Sunday, September 22, 2019

Solving Spiritual Stickiness (Rerun)

25th Sunday in Ordinary Time (C)

My dear friends, have you ever tried cooking with a stainless steel frying pan? If you have, then you'll know that there is something you need to do to the pan before putting the food in it. Do you know what you need to do? Yes, you first need to heat up some cooking oil in it. Some people also recommend cooking some green onions in the pan first. Otherwise, the food will stick to the pan, and the dish will be ruined.

It’s quite interesting, isn’t it? A pan is made for the single purpose of cooking food to feed people. And yet, left on its own, the pan tends to cling stubbornly to the food, refusing to let it go. In order to fulfil its purpose, the pan must first be coated with hot oil or with some synthetic material, like teflon. In other words, something needs to come between the pan and the food. Otherwise the pan remains sticky, the food is ruined, and people end up going hungry.

But it’s not just frying pans that are naturally sticky. We human beings can be sticky too, right? We too tend to cling stubbornly to things that we are supposed to let go. And one of the things that many of us are prone to cling to is money. Isn’t this what we find in our Mass readings today?

In the first reading, God accuses certain people of oppressing the poor and the needy, by cheating them of their hard-earned money. By charging more for less. By swindling and tampering with the scales. And they do this while making a show of being pious. Much like how we may come for Mass every Sunday, the swindlers in the first reading take care to keep the  Sabbath. But their external religious observance doesn’t change them at all. Once the Sabbath is over, they quickly continue to cheat the poor!

And there are no prizes for guessing why they do this. The reason is simple. They are greedy. They cling to money. Money that is meant not to make them rich, but to enable others to survive. Much like a sticky frying pan, greedy people cling to things that they are supposed to serve to others. As a result, the food is ruined, and people go hungry.

But that’s not all. Whether they realise it or not, greedy people don’t just harm others, they also damage themselves. For, like a sticky frying pan, greedy people fail to fulfil the purpose for which they are created. To do that, they need to change. They have to stop being greedy. They have to learn to let go. Isn’t this what Jesus is teaching us in the gospel?

Why is the dishonest steward praised by his master? Not for his dishonesty, of course. But for his astuteness. For his willingness to let go of money when the time is right to do so. For his ability to use money to win friends, in order to secure his own future. This is what an astute child of the world must know how to do to survive. To suffer a short-term loss, in order to secure a long-term gain. And this is what Jesus wants the children of light to learn as well. To be astute like the dishonest steward. To learn to let go of money. To use money, and not to be used by it. But with one crucial difference.

Like the dishonest steward, the children of the world make friends by networking with the rich and the powerful. But we children of light are called to do the exact opposite. For us, to make friends is to do what God does in the responsorial psalm. The image described here is very striking. Although God is high above all nations, yet God stoops from the heights to look down. And not just to look down, God also carefully and compassionately lifts up the lowly from the dust, and raises up the poor from the dungheap.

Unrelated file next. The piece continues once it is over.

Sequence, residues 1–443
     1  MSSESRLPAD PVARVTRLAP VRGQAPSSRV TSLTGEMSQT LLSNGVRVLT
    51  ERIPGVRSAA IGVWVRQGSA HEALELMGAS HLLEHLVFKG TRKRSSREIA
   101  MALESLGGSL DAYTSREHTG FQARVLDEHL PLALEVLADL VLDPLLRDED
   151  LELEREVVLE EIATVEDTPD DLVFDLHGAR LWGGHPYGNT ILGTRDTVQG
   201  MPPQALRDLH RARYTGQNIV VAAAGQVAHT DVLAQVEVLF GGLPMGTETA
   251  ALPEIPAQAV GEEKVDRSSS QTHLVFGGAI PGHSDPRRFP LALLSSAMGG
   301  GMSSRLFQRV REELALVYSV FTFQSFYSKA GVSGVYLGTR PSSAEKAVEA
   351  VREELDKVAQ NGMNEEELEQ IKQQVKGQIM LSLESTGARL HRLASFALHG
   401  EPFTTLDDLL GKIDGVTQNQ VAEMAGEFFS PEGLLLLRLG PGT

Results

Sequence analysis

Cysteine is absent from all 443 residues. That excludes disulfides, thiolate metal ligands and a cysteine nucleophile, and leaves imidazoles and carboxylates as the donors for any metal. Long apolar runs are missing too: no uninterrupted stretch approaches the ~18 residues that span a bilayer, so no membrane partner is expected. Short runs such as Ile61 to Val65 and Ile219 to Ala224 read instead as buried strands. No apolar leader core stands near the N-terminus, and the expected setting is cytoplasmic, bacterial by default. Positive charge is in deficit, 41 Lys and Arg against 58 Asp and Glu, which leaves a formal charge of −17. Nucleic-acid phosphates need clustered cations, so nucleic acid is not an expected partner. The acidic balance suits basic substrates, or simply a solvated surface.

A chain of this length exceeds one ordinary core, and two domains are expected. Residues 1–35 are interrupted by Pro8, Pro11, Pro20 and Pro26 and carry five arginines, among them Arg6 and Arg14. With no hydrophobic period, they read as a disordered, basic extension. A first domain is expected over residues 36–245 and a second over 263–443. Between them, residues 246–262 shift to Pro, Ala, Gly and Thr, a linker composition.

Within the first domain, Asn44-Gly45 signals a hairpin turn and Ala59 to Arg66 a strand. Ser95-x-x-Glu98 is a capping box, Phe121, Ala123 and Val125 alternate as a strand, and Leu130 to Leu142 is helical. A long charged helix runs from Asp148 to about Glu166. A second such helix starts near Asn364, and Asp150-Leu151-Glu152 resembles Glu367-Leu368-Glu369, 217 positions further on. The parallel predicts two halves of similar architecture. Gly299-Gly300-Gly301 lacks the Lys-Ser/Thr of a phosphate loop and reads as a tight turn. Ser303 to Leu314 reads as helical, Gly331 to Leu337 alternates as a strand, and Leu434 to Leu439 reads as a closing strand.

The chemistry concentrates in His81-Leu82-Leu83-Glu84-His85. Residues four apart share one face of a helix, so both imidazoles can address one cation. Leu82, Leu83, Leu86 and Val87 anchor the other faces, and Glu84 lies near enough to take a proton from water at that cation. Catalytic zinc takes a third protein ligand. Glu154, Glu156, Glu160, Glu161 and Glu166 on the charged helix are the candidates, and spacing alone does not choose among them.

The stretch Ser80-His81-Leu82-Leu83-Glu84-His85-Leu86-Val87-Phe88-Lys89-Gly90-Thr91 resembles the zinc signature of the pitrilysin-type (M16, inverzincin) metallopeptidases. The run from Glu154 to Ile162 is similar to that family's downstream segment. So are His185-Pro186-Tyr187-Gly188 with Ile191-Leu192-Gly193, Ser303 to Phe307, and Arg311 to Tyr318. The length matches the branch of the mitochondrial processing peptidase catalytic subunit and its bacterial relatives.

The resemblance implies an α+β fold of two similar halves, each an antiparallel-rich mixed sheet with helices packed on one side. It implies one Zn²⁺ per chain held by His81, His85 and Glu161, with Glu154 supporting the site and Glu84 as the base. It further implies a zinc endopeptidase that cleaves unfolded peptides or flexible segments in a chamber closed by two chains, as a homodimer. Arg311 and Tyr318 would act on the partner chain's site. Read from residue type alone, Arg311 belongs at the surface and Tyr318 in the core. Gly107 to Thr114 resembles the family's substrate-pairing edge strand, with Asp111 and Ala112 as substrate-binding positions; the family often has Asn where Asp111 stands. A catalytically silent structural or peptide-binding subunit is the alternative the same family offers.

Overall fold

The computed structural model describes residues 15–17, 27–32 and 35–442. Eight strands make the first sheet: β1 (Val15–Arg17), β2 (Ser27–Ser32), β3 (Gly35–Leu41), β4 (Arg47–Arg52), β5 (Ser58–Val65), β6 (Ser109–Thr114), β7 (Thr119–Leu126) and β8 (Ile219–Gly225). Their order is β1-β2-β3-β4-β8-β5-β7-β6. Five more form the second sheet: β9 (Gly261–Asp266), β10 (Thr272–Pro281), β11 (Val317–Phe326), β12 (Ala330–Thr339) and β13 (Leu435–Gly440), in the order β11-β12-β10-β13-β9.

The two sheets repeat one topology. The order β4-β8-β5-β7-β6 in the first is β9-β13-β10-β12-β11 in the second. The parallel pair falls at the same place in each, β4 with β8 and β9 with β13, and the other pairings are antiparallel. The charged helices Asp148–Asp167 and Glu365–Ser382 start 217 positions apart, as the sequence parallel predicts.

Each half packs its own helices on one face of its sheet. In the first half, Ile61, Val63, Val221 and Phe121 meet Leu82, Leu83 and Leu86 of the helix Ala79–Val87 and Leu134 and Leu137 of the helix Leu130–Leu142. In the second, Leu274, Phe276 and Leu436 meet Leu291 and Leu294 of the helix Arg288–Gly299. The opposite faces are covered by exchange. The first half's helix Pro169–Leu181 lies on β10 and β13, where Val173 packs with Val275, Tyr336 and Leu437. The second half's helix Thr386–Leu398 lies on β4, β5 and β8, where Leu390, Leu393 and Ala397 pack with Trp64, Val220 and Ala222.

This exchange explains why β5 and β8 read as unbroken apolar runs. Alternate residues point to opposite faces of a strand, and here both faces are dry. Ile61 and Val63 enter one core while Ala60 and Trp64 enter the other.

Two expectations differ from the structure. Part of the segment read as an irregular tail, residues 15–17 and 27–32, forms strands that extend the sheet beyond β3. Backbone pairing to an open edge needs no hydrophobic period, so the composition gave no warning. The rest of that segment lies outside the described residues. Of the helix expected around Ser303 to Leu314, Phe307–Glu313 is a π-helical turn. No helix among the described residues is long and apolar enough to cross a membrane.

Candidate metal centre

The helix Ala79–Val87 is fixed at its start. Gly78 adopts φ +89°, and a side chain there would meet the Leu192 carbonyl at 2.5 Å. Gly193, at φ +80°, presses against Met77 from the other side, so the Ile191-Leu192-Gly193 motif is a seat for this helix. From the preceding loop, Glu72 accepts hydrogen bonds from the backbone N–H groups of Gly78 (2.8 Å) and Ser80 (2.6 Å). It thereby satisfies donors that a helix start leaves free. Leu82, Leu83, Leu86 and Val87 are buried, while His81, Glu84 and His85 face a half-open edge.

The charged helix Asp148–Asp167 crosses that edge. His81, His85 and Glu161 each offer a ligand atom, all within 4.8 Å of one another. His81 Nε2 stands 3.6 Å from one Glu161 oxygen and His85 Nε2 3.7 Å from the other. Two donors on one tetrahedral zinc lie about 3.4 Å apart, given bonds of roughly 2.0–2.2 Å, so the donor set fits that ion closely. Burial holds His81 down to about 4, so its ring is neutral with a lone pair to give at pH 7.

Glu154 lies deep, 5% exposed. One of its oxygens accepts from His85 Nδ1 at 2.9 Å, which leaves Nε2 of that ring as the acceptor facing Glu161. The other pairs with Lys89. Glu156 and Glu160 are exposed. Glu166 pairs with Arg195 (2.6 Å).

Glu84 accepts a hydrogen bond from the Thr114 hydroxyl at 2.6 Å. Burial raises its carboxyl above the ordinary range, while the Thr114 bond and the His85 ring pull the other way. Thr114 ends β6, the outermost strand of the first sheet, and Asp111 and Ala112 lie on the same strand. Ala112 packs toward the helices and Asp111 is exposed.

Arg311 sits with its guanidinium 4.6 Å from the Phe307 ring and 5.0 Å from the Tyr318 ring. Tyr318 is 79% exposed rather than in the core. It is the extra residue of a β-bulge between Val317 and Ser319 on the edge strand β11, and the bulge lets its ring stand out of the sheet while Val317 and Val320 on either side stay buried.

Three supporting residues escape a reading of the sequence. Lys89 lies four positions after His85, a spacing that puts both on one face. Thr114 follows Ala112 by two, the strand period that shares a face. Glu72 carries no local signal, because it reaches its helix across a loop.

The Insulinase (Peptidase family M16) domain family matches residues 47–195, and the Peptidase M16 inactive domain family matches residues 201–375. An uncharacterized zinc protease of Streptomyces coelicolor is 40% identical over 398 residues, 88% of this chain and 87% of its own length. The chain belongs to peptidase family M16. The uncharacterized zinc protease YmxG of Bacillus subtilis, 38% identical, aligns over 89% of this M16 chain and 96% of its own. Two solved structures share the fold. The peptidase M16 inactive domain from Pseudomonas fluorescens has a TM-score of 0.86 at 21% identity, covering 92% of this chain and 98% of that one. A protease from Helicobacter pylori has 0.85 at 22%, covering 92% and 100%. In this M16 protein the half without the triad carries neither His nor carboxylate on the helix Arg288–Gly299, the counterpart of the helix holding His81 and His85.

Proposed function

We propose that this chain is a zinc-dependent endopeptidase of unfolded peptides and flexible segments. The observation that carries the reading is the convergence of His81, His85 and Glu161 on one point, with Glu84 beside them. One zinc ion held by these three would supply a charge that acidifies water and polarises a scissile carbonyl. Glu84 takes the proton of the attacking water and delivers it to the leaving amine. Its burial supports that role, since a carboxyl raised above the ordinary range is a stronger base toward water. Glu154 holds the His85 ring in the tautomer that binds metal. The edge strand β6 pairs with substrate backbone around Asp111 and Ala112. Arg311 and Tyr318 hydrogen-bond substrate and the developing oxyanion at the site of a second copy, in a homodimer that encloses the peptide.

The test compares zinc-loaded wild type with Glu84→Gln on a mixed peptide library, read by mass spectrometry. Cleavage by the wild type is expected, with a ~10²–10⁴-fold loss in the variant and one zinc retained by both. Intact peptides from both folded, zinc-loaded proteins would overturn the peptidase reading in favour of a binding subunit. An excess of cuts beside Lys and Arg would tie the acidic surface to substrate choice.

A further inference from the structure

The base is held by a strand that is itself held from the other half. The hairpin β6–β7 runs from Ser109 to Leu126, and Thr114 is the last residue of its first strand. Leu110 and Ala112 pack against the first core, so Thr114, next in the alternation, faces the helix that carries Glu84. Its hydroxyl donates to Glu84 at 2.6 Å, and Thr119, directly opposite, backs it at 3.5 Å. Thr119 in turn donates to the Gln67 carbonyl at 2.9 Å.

What this shows us is that it is not the rich and powerful who are the friends of God, but the poor and the powerless. So that, in order to secure our future in the kingdom of God, we need to make friends with the poor. Much like how a frying pan is made to cook and serve food for the hungry, we children of light are called to use our resources, our gifts and talents, to serve those most in need. It is only by doing this that we attain our true purpose as followers of Christ. For this is what Jesus himself came to do. Though he was rich, yet for our sakes he became poor, so that by his poverty we might become rich (see 2 Cor 8:9).

And yet, we know that to do this is not easy for us. Like a frying pan, we all have a natural tendency to be sticky. To cling to the things that are meant for others. And, by doing this, we cause harm not just to others, but to ourselves as well. So what  can we do to become less greedy, less sticky?

Again like any frying pan we need to allow something else to come between us and the things to which we cling. Not hot oil or teflon, but the love of God. The same God whom the second reading says wants everyone to be saved and reach full knowledge of the truth. We need to allow ourselves to be coated by the steadfast love of our merciful God. How? One way is by heeding the advice of Paul: first of all, there should be prayers offered for everyone… Prayers that God might lubricate all hearts made sticky by greed. So that they may let go of the things to which they often cling so tightly. To let go and to share with those who need them more.

But that’s not all. For we know very well that people need more than just money and material things, important though these may be. In faith, we believe that what everyone needs most of all is to experience God’s love for them in Christ. And, as Christians, we also believe that this same love has been entrusted to us. We are stewards of God’s love. Called to share it with those who are hungry for it, often without even realising what they are hungry for. These people are, in a sense, poor too. And they are the ones we are called to feed with the Word of God and the Bread of Life. They are the ones to whom we need to proclaim the Good News.

But, in order for us to do this, we must again be willing to let go. To let go of our complacency and our apathy, our insecurity and our anxiety. To allow ourselves to be coated by the great Mystery that we celebrate at this and at every Mass. The merciful love of God poured out for us on the Cross.

Sisters and brothers, in Christ, God has prepared for all people delicious food that’s already sizzling in the pan. What must we do to keep generously and courageously serving this life-giving dish to those who need it most today?